Why Choose Hospitality Management?

"I’m intrigued by the hospitality industry, because I have always loved going on trips and staying in hotels. When I was a kid, I looked forward to the hotel as much as the destination. Weird maybe, but there was something to how comfortable they made me feel. I’d like to do that for other people who are on vacation, but I’m not sure if this is a useful industry to work in. Are there any special advantages of going into hospitality? Will it pay me enough? How do I get started? Also, can this get me the heck out of Buffalo?"

asked by Jim from Buffalo, NY

There are a number of benefits to going into hospitality, but there are some drawbacks as well. It’s a very competitive industry, since there are a lot of people who are qualified to work in this sector. This is in part because educational barriers are so low.

That’s a good thing, but it does pose a challenge as far as a competitive workforce goes. You don’t even need any higher education to get started in hospitality, even if you’re aiming for management, though a degree in business, marketing or PR could help you out. Most hotel managers start out as hotel staff members working in other departments.

For example, you might move from hotel auditing, desk management, or another department to management if you have been around for a while.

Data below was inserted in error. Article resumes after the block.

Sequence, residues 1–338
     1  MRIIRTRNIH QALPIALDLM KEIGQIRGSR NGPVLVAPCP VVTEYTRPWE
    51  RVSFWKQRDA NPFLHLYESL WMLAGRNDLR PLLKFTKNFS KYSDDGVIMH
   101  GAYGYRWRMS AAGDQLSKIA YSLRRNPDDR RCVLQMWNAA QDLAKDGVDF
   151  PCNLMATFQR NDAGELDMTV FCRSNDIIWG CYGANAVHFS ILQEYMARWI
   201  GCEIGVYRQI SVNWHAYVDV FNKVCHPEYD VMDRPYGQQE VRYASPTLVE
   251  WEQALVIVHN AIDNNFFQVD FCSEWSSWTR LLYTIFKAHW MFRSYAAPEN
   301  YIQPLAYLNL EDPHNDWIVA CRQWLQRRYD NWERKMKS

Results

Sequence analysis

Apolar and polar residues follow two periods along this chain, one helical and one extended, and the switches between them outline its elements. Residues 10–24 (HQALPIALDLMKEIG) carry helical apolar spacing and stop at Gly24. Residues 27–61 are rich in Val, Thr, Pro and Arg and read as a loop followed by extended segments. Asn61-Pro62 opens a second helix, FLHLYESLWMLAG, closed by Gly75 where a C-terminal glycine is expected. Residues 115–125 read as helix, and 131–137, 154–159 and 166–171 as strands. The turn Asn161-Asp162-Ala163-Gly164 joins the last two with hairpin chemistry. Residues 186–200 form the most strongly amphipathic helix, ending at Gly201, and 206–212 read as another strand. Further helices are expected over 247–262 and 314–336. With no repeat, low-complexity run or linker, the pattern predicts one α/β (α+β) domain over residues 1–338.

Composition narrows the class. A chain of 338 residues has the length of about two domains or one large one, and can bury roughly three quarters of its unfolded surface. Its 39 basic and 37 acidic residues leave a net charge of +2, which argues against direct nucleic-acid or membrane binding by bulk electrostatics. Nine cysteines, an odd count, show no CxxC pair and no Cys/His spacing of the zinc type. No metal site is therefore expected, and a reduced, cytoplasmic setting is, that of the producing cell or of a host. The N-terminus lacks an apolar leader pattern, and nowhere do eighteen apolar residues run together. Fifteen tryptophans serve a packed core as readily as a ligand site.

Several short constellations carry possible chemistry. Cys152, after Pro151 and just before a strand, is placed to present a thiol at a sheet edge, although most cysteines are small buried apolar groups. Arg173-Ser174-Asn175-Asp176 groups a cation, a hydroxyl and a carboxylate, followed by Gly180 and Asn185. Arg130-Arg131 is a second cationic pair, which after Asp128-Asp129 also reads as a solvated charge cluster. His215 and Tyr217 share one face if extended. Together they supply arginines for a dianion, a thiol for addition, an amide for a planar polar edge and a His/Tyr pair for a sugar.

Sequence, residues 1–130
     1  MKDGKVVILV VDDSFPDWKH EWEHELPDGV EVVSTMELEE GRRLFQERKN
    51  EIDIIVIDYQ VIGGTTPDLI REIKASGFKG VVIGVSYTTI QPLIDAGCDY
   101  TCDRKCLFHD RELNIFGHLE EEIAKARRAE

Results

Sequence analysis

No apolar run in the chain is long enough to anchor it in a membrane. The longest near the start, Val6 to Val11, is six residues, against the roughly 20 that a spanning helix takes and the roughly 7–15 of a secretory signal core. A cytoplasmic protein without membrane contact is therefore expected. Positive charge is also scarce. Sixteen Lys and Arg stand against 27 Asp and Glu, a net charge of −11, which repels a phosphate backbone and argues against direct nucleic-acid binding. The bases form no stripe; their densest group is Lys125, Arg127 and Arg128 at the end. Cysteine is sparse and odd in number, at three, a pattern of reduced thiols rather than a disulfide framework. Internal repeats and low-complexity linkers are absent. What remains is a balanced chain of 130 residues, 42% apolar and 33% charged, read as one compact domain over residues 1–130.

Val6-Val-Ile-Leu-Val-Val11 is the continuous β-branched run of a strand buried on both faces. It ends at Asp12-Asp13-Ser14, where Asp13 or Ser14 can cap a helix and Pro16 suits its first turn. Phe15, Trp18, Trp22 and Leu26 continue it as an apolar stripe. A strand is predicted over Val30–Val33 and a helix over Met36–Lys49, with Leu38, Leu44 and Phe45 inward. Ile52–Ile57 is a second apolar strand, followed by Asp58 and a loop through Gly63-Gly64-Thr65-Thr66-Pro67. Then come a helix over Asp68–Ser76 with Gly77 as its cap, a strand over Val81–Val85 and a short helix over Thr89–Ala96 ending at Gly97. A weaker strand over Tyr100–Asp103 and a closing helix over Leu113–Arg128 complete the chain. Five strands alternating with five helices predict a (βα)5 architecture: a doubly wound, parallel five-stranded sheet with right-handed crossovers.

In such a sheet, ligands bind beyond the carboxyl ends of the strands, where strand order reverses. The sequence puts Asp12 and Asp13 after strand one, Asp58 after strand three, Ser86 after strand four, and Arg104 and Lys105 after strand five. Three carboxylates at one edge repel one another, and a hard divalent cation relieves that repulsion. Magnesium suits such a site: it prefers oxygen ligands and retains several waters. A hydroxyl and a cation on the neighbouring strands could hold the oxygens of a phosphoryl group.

Another benefit to working in hospitality is mobility. The optimum situation is to get a job working with a hospitality company which has hotels in a number of different locations. If you’re into traveling, or you want to move every few years and experience a new location.

If you got a job working for a Marriot or Hilton in Buffalo, for example, you might find that they are able to transfer you after a couple of years to a Hilton or Marriot in another city or even in a small town.

People who work for large hotel chains regularly put in for transfers to different locations. There aren’t many industries which offer that kind of mobility and flexibility.

Many hospitality jobs also offer flexible hours. You may be able to select from morning, afternoon, or even overnight hours. Flex schedules with changing hours may be a possibility, and you might also be able to work split shifts.

For some people this is a good thing, while others may find it annoying. It applies more to some jobs in the hotel than others.

As a manager, you would work pretty standard hours. But if you work at the front desk, restaurant, or in housekeeping, you may have more unusual hours.

There are a lot of appealing aspects to hotel work. Low educational barriers, mobility within the hotel’s departments as well as mobility in geographic space, and unusual hours and shifts can all be advantageous.

There is a lot of competition for hotel jobs, which can make it difficult to break into the industry if you don’t already have a hospitality job—even if you have previous experience and take a break.

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